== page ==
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Nat Chem. 2019 Apr;11(4):359-366. doi: 10.1038/s41557-018-0204-7. Epub 2019 Jan 21.

Catalytic transport of molecular cargo using diffusive binding along a polymer track.

Author information

1
Radboud University, Institute for Molecules and Materials, Nijmegen, The Netherlands. zhenglifei0926@gmail.com.
2
Radboud University, Institute for Molecules and Materials, Nijmegen, The Netherlands.
3
Institute of Fundamental and Frontier Sciences (IFFS), University of Electronic Science and Technology of China (UESTC), Chengdu, China.
4
Department of Chemistry, University of Illinois at Chicago, Chicago, IL, USA.
5
Department of Chemistry and Biochemistry, University of Texas at El Paso, El Paso, TX, USA.
6
Department of Physics, Chemistry and Pharmacy, University of Southern Denmark, Campusvej 55, Odense, Denmark.
7
Department of Physics, University of Illinois at Chicago, Chicago, IL, USA.
8
Department of Biopharmaceutical Sciences, University of Illinois at Chicago, Chicago, IL, USA.
9
Radboud University, Institute for Molecules and Materials, Nijmegen, The Netherlands. w.huck@science.ru.nl.

Abstract

Transport at the molecular scale is a prerequisite for the development of future molecular factories. Here, we have designed oligoanionic molecular sliders on polycationic tracks that exploit Brownian motion and diffusive binding to transport cargo without using a chemical fuel. The presence of the polymer tracks increases the rate of bimolecular reactions between modified sliders by over two orders of magnitude. Molecular dynamics simulations showed that the sliders not only diffuse, but also jump and hop surprisingly efficiently along polymer tracks. Inspired by acetyl-coenzyme A transporting and delivering acetyl groups in many essential biochemical processes, we developed a new and unconventional type of catalytic transport involving sliders (including coenzyme A) picking up, transporting and selectively delivering molecular cargo. Furthermore, we show that the concept of diffusive binding can also be utilized for the spatially controlled transport of chemical groups across gels. This work represents a new concept for designing functional nanosystems based on random Brownian motion.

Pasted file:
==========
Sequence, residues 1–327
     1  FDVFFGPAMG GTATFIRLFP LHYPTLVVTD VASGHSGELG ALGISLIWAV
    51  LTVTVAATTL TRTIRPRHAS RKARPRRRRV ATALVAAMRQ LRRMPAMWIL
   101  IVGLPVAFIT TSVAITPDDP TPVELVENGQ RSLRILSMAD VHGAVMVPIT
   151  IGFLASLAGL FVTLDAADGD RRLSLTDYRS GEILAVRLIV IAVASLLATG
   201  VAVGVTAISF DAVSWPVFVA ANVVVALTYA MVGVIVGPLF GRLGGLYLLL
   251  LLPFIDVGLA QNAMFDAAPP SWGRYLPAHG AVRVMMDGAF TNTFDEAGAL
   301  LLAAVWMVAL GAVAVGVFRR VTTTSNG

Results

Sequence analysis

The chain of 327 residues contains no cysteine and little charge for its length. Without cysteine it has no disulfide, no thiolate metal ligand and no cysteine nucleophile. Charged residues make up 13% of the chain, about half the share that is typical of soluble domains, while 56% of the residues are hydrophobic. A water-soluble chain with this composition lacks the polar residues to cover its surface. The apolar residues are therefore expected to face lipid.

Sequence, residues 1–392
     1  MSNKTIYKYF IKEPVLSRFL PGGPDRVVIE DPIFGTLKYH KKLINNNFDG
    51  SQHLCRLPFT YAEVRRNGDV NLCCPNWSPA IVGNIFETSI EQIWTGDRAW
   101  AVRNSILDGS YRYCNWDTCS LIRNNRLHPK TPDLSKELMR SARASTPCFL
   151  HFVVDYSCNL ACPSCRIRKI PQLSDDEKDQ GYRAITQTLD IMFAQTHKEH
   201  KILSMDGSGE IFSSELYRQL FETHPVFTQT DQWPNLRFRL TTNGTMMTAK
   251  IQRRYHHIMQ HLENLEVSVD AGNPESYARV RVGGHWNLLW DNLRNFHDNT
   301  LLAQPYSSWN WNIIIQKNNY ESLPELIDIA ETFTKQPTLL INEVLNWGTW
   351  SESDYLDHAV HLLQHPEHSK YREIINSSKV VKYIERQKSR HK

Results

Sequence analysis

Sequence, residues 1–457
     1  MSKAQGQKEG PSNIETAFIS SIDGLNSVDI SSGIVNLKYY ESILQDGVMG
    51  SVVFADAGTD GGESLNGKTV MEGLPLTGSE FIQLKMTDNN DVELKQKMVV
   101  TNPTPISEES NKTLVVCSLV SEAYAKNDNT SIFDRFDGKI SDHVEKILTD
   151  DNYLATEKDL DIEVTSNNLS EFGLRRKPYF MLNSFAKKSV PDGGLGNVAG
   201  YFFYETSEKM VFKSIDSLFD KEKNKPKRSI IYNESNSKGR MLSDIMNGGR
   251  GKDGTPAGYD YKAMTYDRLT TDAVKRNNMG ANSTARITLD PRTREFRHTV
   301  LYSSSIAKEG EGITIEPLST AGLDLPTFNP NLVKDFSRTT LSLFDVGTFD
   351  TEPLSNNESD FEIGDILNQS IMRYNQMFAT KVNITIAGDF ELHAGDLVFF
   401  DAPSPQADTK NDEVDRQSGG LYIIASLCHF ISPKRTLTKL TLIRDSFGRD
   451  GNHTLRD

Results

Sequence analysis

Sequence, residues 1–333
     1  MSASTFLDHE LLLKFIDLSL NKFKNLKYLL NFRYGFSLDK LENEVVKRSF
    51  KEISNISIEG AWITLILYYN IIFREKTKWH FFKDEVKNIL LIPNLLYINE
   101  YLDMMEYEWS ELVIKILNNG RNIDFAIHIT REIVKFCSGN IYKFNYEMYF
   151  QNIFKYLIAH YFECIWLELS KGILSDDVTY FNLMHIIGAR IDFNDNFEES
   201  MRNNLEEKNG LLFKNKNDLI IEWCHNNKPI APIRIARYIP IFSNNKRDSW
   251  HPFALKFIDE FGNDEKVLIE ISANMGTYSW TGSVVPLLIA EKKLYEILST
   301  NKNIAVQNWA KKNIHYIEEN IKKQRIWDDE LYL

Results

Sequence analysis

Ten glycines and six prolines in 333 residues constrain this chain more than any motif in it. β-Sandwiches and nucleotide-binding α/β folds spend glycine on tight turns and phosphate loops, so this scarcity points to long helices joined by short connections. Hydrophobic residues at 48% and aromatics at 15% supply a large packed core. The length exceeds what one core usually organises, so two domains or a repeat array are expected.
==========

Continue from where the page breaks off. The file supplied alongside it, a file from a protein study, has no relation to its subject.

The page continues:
PMID:
30664718
DOI:
10.1038/s41557-018-0204-7

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